Tohoku Olympics Bid: A Good Idea?

July 11 2011

Chicago was one of the 4 finalist cities bidding for the 2016 Olympics and it cost the city $3.3 billion. I don't know what Tokyo, Madrid or Rio de Janeiro spent, but it doesn't seem to be money well spent for the losing cities (maybe it wasn't well spent for the winning city either).

Osaka made a bid for the 2008 Olympics. Beijing was the winner, with Toronto being the runner-up. What this says to me is that neither Tokyo for the 2016 games nor Osaka for the 2008 games were likely to win their bids. Why?

In 2008 Beijing stood out as representing a very large city in a vast country, with a huge population, struggling to overcome its "emerging country" status. China was also a critical manufacturing source for much of the world and had a sufficient amount of financial depth to fund such a large undertaking as the Olympics. As such, it is possible that the Committee decided that it was time to give China a chance to shine in the world spotlight.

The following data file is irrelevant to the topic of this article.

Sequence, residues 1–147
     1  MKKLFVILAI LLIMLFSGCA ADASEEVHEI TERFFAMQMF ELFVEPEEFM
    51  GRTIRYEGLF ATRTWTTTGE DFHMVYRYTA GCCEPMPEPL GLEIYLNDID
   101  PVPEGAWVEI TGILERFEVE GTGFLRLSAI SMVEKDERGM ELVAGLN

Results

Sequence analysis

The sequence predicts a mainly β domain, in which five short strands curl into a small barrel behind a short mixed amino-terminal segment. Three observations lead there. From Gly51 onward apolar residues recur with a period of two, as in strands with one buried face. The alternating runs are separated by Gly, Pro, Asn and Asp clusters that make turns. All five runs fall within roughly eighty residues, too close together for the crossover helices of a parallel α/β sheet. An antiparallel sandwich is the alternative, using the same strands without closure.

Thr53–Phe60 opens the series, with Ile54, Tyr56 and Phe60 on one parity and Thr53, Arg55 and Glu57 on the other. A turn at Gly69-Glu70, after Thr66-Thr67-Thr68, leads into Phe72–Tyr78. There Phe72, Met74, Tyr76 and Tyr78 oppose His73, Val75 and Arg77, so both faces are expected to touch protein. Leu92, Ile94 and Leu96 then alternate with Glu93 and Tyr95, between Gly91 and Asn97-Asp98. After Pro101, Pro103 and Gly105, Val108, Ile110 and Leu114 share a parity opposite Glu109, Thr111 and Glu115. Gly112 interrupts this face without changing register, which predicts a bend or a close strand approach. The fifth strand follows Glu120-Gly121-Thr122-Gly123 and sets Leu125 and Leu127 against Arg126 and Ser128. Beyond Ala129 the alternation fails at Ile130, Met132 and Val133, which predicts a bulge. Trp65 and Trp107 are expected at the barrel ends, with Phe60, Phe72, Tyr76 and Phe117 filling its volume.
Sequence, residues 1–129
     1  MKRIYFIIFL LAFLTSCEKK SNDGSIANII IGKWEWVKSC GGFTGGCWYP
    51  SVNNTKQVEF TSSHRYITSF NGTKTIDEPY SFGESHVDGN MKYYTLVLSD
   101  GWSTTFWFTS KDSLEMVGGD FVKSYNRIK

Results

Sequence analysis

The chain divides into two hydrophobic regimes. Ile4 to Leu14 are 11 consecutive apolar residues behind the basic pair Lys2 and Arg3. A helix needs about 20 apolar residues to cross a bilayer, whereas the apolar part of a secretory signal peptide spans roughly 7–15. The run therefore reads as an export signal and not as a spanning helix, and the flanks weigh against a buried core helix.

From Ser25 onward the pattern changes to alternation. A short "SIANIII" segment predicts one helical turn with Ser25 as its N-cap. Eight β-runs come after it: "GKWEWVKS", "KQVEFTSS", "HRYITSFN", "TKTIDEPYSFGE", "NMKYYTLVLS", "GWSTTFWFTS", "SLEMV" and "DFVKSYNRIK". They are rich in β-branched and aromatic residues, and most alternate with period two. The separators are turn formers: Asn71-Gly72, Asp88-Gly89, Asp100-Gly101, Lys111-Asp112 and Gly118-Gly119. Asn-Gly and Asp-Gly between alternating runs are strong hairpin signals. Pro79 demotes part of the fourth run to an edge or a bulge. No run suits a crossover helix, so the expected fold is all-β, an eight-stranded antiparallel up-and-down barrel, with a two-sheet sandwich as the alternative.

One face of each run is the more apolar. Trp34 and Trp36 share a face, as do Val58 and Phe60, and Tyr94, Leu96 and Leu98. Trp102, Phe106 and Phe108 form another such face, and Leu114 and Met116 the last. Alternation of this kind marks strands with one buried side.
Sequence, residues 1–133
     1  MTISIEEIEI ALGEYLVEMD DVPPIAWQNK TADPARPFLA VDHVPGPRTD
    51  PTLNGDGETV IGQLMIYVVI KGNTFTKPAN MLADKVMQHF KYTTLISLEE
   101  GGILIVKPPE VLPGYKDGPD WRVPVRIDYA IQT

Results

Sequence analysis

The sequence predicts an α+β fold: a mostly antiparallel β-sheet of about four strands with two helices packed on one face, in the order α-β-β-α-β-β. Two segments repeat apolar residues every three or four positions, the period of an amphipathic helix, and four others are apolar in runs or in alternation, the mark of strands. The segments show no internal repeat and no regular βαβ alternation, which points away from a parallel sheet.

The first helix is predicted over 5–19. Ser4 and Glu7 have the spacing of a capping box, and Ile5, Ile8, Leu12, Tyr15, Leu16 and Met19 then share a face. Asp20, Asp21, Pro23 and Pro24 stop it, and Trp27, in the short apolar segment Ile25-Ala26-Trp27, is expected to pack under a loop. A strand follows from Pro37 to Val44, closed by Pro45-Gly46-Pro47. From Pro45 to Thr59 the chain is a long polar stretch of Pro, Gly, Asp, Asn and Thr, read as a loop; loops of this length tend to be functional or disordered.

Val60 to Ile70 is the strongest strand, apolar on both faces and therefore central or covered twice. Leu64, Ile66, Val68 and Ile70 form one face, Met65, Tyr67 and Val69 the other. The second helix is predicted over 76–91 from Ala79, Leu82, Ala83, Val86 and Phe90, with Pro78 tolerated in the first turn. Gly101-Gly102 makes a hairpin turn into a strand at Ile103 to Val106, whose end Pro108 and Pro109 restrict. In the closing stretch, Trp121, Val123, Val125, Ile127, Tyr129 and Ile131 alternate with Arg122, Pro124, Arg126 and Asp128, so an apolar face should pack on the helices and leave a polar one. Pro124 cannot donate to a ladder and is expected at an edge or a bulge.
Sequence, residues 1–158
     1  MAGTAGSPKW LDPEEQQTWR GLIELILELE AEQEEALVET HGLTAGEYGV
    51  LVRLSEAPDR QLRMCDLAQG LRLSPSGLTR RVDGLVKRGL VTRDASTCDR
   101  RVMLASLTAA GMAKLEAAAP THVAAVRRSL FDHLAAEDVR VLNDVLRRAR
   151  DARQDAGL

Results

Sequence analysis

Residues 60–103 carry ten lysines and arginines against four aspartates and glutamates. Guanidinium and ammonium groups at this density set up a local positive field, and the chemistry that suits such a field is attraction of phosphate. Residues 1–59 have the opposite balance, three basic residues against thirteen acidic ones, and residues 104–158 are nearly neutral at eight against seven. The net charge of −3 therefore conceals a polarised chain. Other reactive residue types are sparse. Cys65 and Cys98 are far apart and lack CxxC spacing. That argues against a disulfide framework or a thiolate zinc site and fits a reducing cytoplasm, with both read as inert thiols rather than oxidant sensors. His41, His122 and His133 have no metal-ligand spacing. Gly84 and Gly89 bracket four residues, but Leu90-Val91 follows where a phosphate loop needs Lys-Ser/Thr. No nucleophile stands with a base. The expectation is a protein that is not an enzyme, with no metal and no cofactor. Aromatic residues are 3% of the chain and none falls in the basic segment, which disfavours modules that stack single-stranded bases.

With the Olympics held in an Asian country in 2008 and the scheduled 2012 Olympics to be held in Europe (London), it was unlikely that either Tokyo or Madrid would win the 2016 bid. Although Chicago came in last place in its 2016 bid for the Olympics, I think it was geographically "acceptable." I suspect Rio de Janeiro was selected to give it "a chance to shine in the world spotlight," as I said about China.

All this being said, I think the Olympic bidding process has become far too costly, and the additional costs of security because of current terrorist threats simply add up to what could be a financial disaster for the host country. That is why I think most cities are better off concentrating their efforts on attracting other sporting events.

By the way, I was reading that cheerleading may become an oficially recognized competitive sport. That's really neat!

Category: Open to Debate
Filed under: Japan